Razer has an Android TV unit, called the Forge TV, and they’ve been trying to get some value out of their purchase of Ouya. Although it does not seem to have sold well, there does seem to be an attempt at integrating Ouya so that users can have a larger game collection.
This attempt is called Cortex, and we’ve gotten a slightly better idea of what that will look like in updated pages on Razer’s website.
It’s being subtitled as “A New Chapter in Android TV Gaming”, which seems fairly ambitious. Looking through each section, it seems like it’s a curated store that aims to organize games into categories with their own discoverability methods. Simulated screenshots show categories like “Party Time”, showing that there may be a large focus on multiplayer games (and there are several gamepad icons at the bottom of the navigation drawer). Their algorithm seems to take into account what is actually getting played in order to improve popularity counts.
Another category called “Interesting Indies” (or is it “Interesting” and “Indies”?). Razer wants to help indie game devs publicize “dark horse” and “crazy experimental” games. You can find a lot of these published on Steam, although there hasn’t been the same infrastructure on Android. Day-Z was an experimental game that was popular on Steam, and it seems from this description that Razer wants indie devs to see Cortex as the same thing.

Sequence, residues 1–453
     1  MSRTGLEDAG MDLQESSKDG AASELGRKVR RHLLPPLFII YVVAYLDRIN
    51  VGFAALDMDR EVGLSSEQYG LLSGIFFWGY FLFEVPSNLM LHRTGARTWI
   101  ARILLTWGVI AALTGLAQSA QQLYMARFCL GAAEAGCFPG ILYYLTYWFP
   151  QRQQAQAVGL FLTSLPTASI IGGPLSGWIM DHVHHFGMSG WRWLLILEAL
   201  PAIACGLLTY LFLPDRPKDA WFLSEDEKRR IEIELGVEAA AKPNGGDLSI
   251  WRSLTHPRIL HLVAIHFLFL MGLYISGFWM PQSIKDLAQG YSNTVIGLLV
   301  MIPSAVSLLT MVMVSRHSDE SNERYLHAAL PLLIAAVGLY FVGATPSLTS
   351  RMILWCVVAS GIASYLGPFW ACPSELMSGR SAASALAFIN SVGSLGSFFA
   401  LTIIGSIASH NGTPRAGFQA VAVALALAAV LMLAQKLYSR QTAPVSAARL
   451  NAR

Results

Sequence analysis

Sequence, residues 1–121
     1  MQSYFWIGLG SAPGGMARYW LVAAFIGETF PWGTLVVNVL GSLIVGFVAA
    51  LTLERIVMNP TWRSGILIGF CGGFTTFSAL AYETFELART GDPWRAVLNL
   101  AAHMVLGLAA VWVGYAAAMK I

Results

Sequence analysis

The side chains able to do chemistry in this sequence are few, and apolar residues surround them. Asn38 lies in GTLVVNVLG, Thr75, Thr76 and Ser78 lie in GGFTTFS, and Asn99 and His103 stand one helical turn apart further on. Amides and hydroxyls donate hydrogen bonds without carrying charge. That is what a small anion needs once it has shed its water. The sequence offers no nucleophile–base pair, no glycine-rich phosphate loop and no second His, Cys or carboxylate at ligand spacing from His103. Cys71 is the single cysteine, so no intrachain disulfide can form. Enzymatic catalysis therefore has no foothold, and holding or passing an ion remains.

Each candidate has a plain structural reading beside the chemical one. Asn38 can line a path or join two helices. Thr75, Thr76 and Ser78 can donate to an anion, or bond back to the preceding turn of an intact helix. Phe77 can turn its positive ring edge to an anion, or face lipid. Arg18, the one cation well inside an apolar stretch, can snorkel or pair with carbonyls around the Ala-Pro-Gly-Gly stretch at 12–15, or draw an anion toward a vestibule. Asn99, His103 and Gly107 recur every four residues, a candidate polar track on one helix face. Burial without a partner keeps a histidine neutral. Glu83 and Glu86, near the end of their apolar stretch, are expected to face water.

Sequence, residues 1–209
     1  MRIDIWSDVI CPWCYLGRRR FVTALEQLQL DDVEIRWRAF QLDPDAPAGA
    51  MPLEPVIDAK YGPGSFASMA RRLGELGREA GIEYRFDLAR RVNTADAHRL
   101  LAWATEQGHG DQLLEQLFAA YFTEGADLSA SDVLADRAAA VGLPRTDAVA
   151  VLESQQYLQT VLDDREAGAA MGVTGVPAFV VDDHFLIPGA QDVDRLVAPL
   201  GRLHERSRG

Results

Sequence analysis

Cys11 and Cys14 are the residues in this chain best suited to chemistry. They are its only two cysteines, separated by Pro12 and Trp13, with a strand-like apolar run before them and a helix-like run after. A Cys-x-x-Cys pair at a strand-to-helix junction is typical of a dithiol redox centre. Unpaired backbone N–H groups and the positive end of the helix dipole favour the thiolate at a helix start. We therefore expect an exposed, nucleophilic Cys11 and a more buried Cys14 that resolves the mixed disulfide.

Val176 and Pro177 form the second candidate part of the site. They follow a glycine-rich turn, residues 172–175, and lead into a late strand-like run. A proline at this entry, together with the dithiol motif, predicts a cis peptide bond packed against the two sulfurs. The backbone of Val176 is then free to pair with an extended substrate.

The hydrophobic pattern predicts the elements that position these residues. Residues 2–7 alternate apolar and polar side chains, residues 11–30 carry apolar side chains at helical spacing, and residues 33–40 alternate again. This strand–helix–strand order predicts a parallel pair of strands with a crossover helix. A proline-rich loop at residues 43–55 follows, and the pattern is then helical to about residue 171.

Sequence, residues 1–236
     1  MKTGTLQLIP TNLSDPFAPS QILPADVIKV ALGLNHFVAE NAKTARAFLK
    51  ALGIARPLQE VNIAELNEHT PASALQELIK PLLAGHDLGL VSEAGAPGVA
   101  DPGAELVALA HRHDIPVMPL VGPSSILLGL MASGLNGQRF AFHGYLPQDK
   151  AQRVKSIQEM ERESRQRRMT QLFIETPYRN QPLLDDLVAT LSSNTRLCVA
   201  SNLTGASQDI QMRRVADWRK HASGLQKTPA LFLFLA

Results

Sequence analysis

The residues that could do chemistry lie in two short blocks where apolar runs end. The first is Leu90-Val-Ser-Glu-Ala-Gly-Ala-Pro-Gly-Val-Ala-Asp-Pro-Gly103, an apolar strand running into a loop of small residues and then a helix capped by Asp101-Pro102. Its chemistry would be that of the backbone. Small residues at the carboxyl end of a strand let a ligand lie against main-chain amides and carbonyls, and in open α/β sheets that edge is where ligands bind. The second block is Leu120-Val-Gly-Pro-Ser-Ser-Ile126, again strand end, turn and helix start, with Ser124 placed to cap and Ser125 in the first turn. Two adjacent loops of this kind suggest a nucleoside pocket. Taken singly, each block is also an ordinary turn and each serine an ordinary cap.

They’re partnering with devs at all levels, including SEGA. “Familiar classics” and “new favorites” will be “published regularly”, much like NVIDIA’s offering. It’ll act as a supplement to the Google Play Store. Unfortunately for users who already own an Android TV, Cortex is “exclusively optimized for Razer Forge TV”. This means it won’t be coming to other devices. At the same time, their call to developers says using the OUYA Everywhere Software Development Kit (SDK) lets them target many Android TVs. This seems apparent, as they all run the same variant of Android, which makes it likely that users will be able to rip the Cortex app and sideload it to other consoles.
Now that we have a better idea of Razer’s plans, what do you think? Too little too soon, or are you excited again about what Razer is doing in the living room?